St. Joseph's Day

Fave e Cicoria


Fast on the heels of St. Patrick’s Day comes the lesser known St. Joseph’s Day or The Feast of St. Joseph, a day to honor San Giuseppe, the Patron Saint of Workers. Many Italian-Americans, especially Sicilians, celebrate St. Joseph, husband of the Virgin Mary and Jesus’ stepfather, for saving their island from famine in the Middle Ages. The Sicilians prayed to St. Joseph asking for rain, promising a feast in his honor. The rain did indeed come, the Sicilians prepared a giant celebration for their patron saint and it has since become an annual traditional feast. There are many modern customs associated with March 19, among them, wearing red, building a 3-tiered altar decked out with seasonal delicacies that are then given to the needy, eating a zeppola—that irresistible, sugar-coated Italian confection also known as fried dough—and carrying a dried fava bean in your pocket for good luck.

The fava bean is at the center of the Feast of St. Joseph, since that was the magical crop that saved the Sicilians from starvation. It’s featured in pastas, salads and soups. Another must-have dish on March 19 is the Sicilian classic, pasta con sarde, that sweet and savory combination of sardines, fennel, pine nuts, and raisins dusted with breadcrumbs that undoubtedly tastes best while eaten on a patio overlooking the Ionian Sea. Meatless dishes prevail on this occasion since March 19 always falls during Lent. Dishes with breadcrumbs are also common, as they are meant to represent sawdust in a nod to St. Joseph’s profession as a carpenter. And don’t forget the citrus: it is believed that a woman who secretly steals a lemon from the St. Joseph’s Day altar will find a husband.

Fava Bean Puree with Bitter Greens

Since the mighty fava bean is the star of the feast, we decided to prepare this classic peasant dish, Fave e Cicoria. We love this for its simplicity and sophistication. It can be served as an appetizer or a side dish, but we adore it so much, we’re happy to have it as a main course served with plenty of crusty Italian bread. Dried fava beans can be found at most good supermarkets or Italian specialty stores. We like Bob’s Red Mill fava beans for their quality and availability.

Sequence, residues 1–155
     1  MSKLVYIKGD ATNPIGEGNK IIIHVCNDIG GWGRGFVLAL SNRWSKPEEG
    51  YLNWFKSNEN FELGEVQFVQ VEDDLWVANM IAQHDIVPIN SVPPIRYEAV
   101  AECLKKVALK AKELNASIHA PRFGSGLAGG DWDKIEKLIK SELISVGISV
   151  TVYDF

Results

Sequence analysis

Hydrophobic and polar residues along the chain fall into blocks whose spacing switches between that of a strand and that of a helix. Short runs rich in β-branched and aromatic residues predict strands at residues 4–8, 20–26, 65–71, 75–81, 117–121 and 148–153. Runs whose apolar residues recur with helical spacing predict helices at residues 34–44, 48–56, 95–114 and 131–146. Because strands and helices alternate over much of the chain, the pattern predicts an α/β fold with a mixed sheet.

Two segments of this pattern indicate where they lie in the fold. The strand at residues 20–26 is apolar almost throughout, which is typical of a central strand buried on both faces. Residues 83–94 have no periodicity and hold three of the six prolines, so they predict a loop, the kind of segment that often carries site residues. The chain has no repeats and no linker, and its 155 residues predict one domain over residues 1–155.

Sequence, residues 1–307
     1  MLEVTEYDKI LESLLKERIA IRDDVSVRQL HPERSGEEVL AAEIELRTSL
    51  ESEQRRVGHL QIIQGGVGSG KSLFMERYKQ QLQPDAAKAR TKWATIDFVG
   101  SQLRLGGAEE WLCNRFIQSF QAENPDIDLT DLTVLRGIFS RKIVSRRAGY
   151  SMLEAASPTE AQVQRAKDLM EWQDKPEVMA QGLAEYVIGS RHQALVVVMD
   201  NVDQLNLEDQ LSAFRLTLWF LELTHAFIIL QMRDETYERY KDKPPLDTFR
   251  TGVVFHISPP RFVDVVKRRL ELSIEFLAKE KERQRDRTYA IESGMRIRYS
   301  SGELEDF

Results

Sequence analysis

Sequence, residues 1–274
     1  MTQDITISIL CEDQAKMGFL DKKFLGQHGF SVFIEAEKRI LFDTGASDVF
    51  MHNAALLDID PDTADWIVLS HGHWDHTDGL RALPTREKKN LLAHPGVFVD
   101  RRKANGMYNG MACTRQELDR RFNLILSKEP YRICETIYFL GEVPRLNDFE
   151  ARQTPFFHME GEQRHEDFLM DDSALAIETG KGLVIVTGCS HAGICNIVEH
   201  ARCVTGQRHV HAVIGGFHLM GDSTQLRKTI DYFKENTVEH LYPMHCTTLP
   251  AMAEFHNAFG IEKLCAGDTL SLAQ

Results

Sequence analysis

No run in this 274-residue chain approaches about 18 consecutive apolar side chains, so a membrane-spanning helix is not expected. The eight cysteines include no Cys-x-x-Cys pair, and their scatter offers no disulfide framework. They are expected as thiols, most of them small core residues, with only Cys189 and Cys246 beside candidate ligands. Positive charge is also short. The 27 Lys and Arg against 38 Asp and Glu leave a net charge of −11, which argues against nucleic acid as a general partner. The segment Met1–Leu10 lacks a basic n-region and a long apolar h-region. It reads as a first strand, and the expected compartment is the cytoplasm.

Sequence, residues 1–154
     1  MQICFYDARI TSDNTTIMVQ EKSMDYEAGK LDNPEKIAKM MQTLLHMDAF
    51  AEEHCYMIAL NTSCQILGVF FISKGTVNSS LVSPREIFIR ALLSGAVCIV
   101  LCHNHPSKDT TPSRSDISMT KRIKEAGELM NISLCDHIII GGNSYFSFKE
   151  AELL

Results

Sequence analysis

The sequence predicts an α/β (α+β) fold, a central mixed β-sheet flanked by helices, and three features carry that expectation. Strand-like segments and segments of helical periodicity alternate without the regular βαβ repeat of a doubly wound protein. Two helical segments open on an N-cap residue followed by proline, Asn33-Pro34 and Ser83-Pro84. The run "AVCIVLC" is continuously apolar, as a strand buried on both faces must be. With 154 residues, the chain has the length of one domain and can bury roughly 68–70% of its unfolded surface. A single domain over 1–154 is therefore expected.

½ pound dried fava beans, soaked overnight

1 clove garlic

2 tsp salt, or to taste

¼ cup olive oil, plus more for serving

1 tbsp lemon juice

Freshly ground black pepper to taste

1 pound bitter greens, dandelion greens, tuscan kale, or chicory

1 loaf of italian bread, sliced


Drain the fava beans and place in a large saucepan. Add enough cold water to cover the beans. Bring the pot to a slow boil, skimming off the foam that rises to the top. Once the foam subsides, add the salt and garlic clove. Stirring occasionally, simmer the beans uncovered for about 1 hour or until they have mostly dissolved into the water. Using an immersion blender or hand held mixer blend in the olive oil and lemon juice. Adjust the seasoning. Transfer to a serving bowl. Don’t worry if the puree seems thin as it will thicken up substantially as it cools.

While the beans cook, prepare the greens. Chop the greens in thirds or leave whole if desired. Wash the greens well, but don’t dry them. Cook them for a few minutes, or until tender in a pan coated in olive oil. Season to taste with salt and pepper. Remove greens from the pan and place in the center of the puree.

Serve with plenty of bread.

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